Being in water causes a "floater" or "bloater" and there's a lot of changes that happen. One of the big ones is that the upper layer of skin can come off pretty quick. The main factor for rot is temperature and I have a loose formula for this: Y = 1285/X. Y equals days until skeletonization and X equals the temperature in C. I bring this up as water is usually much colder than the ground around it, so bodies stick around longer but will suffer a lot of damage. Debris, rocks, animal predation, etc. We actually have a thing I've heard the Sheriff's (they handle bodies in the water) called "Bloat Season." It's in the Spring, as the water starts to pop up. Literally. It's because the river can drop below freezing (moving water may not freeze if it's below freezing, just like it can suddenly boil, physics is fun) There's a thing used by coroners called Casper's Dictum. One week in air = two weeks in water = eight weeks in soil.

Coloring would also be affected by livor mortis (I think), where the blood pools. The higher parts of the body would appear pale or marbled, as the blood would pool in the lower portions of the body would appear bruised or reddish. So, if you want to have more "colorful" zombies, you could say that they died face down. And you could have then be colorful on one side and pale on the other, as they died on their side. As for green coloration, do we really see that in human rot? I honestly don't know but I don't think so. According to my sources, the skin does come off and would be pink underneath, but would dry out and turn a yellowish leather. Oddly enough, it does say that the skin turns green and then black as decomp moves forward. Interesting. However, it doesn't mention when you turn green. I might have to dig into another book but it's going to take a bit.

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On 2/21/2022 at 8:41 AM, Samedi said:

I must confess that I've never seen dead people so far. I am very thankful for this. Also, I'm not comfortable with searching for reference pictures on the web of how dead people look. I find that lacking in taste and respect.

 

Yeah, it can be uncomfortable looking at the deceased. I've been around cadavers in anatomy courses, and it is uncomfortable though we were always respectful of the people who donated their bodies so that others may learn.

 

That said, building off what @Glitterwolf and @CaptainPete said, thinking about how the zombie originally died can be helpful as to how you will want to paint them. If they've been in water for a long time the skin will look different. Similarly, if they bled out/exsanguinated you won't get the blood pooling/bruising as might happen from someone who passed from blunt force trauma. And environment can play a factor. Severe frostbite on the fingers and feet can add character to a zombie in a cold environment, and such an environment might not have the livor mortis/lividity that CP was talking about..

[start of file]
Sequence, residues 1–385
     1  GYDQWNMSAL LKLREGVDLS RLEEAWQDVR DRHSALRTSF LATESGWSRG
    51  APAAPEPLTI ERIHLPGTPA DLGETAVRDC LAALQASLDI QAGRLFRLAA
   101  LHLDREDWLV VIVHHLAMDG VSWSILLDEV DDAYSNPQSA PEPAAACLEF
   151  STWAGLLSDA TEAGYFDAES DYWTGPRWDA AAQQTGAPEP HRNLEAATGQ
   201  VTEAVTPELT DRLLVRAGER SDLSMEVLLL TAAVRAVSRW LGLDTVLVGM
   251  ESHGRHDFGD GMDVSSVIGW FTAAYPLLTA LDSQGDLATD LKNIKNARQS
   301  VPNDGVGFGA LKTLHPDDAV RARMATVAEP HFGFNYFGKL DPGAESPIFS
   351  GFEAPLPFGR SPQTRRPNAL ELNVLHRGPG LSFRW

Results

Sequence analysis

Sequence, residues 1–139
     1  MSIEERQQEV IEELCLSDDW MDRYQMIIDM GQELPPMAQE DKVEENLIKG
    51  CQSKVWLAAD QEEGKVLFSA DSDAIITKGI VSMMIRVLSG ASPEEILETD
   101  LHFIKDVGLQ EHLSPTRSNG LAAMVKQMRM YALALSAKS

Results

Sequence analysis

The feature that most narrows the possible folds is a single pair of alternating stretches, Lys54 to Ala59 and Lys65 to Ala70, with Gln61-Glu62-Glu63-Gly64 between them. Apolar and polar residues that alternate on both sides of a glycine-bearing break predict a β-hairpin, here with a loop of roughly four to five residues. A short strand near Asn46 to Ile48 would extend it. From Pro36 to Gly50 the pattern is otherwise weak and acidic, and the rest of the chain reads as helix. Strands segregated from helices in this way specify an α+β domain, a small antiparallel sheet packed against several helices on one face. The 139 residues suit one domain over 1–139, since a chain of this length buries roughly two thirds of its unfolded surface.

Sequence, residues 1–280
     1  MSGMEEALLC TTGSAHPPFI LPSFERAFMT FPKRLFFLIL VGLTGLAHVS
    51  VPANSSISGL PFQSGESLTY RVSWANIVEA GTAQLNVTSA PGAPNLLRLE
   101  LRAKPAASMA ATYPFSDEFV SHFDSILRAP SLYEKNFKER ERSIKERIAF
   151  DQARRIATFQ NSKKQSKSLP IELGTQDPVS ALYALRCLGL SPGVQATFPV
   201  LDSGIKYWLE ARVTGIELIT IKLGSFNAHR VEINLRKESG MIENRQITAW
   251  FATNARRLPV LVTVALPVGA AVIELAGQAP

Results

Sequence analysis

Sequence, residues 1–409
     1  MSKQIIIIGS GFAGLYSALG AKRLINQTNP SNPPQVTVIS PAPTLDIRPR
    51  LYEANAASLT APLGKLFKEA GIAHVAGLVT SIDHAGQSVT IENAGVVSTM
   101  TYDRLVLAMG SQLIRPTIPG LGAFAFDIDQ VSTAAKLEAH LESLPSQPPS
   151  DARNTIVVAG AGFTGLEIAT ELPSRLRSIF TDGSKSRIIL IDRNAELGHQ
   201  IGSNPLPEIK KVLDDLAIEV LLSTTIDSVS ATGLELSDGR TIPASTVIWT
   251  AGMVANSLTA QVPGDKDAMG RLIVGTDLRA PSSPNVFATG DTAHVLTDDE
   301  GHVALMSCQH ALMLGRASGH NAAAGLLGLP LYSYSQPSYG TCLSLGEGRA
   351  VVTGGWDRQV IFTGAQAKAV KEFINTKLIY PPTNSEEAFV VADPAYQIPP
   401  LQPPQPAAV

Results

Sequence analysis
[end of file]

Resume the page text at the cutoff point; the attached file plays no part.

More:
You could always look at some crime/police dramas or zombie movies to get feel for what looks right vs what seems odd to your eye. Makeup departments have done the work for you and you avoid having to look at actual corpses. And you can get an idea of what different skin tones may look like.

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Thinking of it, in the Netherlands we have an area with Peat Soil, we even excavated a mummy from that area some thousands years old.

Suppose it was zombified it would have been a reddish brown.

 

Drowning in sweet water or salt water could make a difference for a zombie.

Is there vegetation? Algea? Was the zombie buried in sand/dirt/wet or dry ground?

Insects? For how long?

Etc etc..

 

 

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15 minutes ago, Glitterwolf said:

Thinking of it, in the Netherlands we have an area with Peat Soil, we even excavated a mummy from that area some thousands years old.

Suppose it was zombified it would have been a reddish brown.

 

Drowning in sweet water or salt water could make a difference for a zombie.

Is there vegetation? Algea? Was the zombie buried in sand/dirt/wet or dry ground?

Insects? For how long?

Etc etc..

 

 

In the original Deadlands system, they had variant Walkin' Dead for various environments where the bodies ended up before getting "inhabited."

Insects do interesting things to bodies, post mortem, but the basics (that can be discussed on a full stomach) are that they will get rid of soft bits. It's not uncommon or unheard of for people in the forensics business to use beetles and others to remove the meaty bits to get to the skeletons.

One of the more weird things that have happened was a skeleton that was left somewhere with a heavy mineral count and ended up with a skull-geode. I have a picture *sighs* somewhere...

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Pork is similar to human flesh, also known as "long pig". I have had pork chops spoil and literaly turn green. Hence, I believe green is to be expected at some point of decomposition.
But spoiled meat if left alone will continue to change colour as it decomposes, so any colour from pallid to pitch black should be OK for a zombie.

Also, the green could be mould growth.

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This has turned out to be a three with a lot of fascinating contributions! Thank you to all participants so far!

 

I've since started with painting my first batch of zombies. I use the recipe by @Inarah (Ghoul Flesh Triad, Bruised Purple for additional shading), so they'll end up being green after all 😊. But then again, if a pork chop can do it, a "long pig" should be able to as well. 😁

 

I'm planning to use some of your other inputs for more zombies to come - and those won't be green, I promise. I'll post some WIPs sporadically over in my RoSD thread.